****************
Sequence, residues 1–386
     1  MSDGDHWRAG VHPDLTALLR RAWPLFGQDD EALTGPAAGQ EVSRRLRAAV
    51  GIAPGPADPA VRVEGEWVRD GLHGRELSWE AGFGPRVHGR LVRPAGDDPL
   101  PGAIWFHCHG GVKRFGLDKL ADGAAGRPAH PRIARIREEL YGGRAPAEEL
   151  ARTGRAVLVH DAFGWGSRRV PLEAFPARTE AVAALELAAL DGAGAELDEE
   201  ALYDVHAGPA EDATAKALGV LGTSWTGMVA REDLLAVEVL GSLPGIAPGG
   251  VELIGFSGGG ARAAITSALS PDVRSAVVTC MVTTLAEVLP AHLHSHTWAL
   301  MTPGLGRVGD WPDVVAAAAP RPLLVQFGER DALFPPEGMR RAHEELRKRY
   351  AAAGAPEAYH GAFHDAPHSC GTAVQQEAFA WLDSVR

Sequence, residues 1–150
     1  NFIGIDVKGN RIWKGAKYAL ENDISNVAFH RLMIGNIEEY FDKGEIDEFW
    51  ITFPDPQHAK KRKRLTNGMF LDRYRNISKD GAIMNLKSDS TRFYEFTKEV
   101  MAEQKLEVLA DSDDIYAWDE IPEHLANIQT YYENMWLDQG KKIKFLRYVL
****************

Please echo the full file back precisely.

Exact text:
Sequence, residues 1–386
     1  MSDGDHWRAG VHPDLTALLR RAWPLFGQDD EALTGPAAGQ EVSRRLRAAV
    51  GIAPGPADPA VRVEGEWVRD GLHGRELSWE AGFGPRVHGR LVRPAGDDPL
   101  PGAIWFHCHG GVKRFGLDKL ADGAAGRPAH PRIARIREEL YGGRAPAEEL
   151  ARTGRAVLVH DAFGWGSRRV PLEAFPARTE AVAALELAAL DGAGAELDEE
   201  ALYDVHAGPA EDATAKALGV LGTSWTGMVA REDLLAVEVL GSLPGIAPGG
   251  VELIGFSGGG ARAAITSALS PDVRSAVVTC MVTTLAEVLP AHLHSHTWAL
   301  MTPGLGRVGD WPDVVAAAAP RPLLVQFGER DALFPPEGMR RAHEELRKRY
   351  AAAGAPEAYH GAFHDAPHSC GTAVQQEAFA WLDSVR

Sequence, residues 1–150
     1  NFIGIDVKGN RIWKGAKYAL ENDISNVAFH RLMIGNIEEY FDKGEIDEFW
    51  ITFPDPQHAK KRKRLTNGMF LDRYRNISKD GAIMNLKSDS TRFYEFTKEV
   101  MAEQKLEVLA DSDDIYAWDE IPEHLANIQT YYENMWLDQG KKIKFLRYVL